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You see a ball that has been hit full force, going backwards, backwards, backwards. You listen this. It’s a home run. How could it be otherwise? Let’s go. It just has to be…until it dies on the runway, nestled comfortably in the glove of a waiting flyer.
If you’ve watched, oh, three rounds of this MLB season, you’ve seen this scenario play out at least once.
Bullets that look like they should be hits end up as outs instead. This is evident in the frustrations expressed by some players and coaches, who shared their doubts about the quality of baseball itself. But it’s even clearer in the statistics: Specifically, the expected statistics, Statcast numbers such as xBA and xSLG that show what a batter’s performance “should” be based on batted ball data. On an individual level, a discrepancy between expected and actual stats can tell us about an underperforming or overperforming player, and what we should expect moving forward. At the league level, however, there’s usually not much of a difference: in such a large sample, what you “should” see is usually more or less what you actually do.
This year looks a little different right now.
Looked. Here’s how the expected league-wide stats compared to the actual stats over the past few seasons:
At a Glance: Typically, there’s little difference between what the data predicts and what’s actually happening at league level. Yet this year there are relatively huge a. (The difference between actual and expected batting average this season equals the difference between what would be the worst league offense in history and what would be the best in a few years.) But it’s not that simple! Here’s a breakdown of what we can — and can’t — know from the stats expected so far.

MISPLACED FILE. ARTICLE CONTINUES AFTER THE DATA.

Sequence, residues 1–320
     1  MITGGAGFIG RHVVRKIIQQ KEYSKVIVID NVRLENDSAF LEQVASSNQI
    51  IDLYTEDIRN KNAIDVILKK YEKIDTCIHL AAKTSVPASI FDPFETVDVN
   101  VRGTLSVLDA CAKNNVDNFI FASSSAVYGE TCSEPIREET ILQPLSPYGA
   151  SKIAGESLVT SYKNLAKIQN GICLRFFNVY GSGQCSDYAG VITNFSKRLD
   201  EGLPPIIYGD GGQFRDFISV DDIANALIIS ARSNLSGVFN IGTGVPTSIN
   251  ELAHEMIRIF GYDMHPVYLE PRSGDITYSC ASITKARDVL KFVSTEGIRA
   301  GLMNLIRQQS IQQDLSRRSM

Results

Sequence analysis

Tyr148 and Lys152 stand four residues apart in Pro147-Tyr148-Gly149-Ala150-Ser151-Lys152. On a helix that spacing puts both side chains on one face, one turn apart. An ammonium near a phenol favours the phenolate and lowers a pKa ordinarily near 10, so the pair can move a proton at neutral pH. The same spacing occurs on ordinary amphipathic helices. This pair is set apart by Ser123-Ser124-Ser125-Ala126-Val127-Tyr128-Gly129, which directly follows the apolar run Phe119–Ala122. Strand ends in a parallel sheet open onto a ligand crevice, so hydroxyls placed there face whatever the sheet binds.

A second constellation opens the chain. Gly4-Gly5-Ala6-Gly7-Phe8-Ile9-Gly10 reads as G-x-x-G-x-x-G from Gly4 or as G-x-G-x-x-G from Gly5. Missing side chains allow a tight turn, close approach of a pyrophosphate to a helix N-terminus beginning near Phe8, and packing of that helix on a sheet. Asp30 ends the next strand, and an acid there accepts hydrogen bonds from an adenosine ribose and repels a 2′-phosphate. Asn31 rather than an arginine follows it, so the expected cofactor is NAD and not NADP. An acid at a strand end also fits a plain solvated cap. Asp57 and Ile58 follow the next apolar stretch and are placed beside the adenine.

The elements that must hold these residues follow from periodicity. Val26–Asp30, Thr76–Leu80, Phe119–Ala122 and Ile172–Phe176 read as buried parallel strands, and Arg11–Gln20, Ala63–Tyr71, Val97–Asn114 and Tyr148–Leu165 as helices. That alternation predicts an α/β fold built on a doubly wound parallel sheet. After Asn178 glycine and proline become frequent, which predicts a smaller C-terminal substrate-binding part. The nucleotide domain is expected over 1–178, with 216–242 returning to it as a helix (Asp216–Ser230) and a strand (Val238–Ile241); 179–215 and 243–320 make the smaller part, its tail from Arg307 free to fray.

Is this really the biggest discrepancy we’ve seen between expected and actual stats?
This may seem obvious from the table above: Yes, duh, the gap is huge. But the real answer is… sort of, maybe, but not quite.
For context, these expected stats come from taking basic information about an individual batted ball, such as exit velocity, launch angle, and the stage it was hit, and comparing it to the data. past to determine the most likely outcome. But the key bit here is the data used to make these comparisons. The league calculates the baseline for this twice a year, according to MLB statistics analyst Mike Petriello: once at the All-Star Break and once more after the season ends. It means that before the All-Star Break – like, say, right now! – the baseline actually comes from past years.
Yes, this is all very wonky, (literally) inside baseball stuff. But it is crucial to understand what these numbers say. In other words: when you see there was virtually no league-wide discrepancy between expected and actual stats in 2021 and 2020, you see there was virtually no discrepancy once the baselines were adjusted to reflect the attacking environment of those years, which hasn’t happened yet for 2022. In a world that hasn’t seen dramatic year-on-year fluctuations in attacking environments, that wouldn’t mean much. Unfortunately, MLB is clearly not in this world. If there is a big change in the offensive environment from year to year, for example, if baseball itself is different, the numbers will show significantly different things.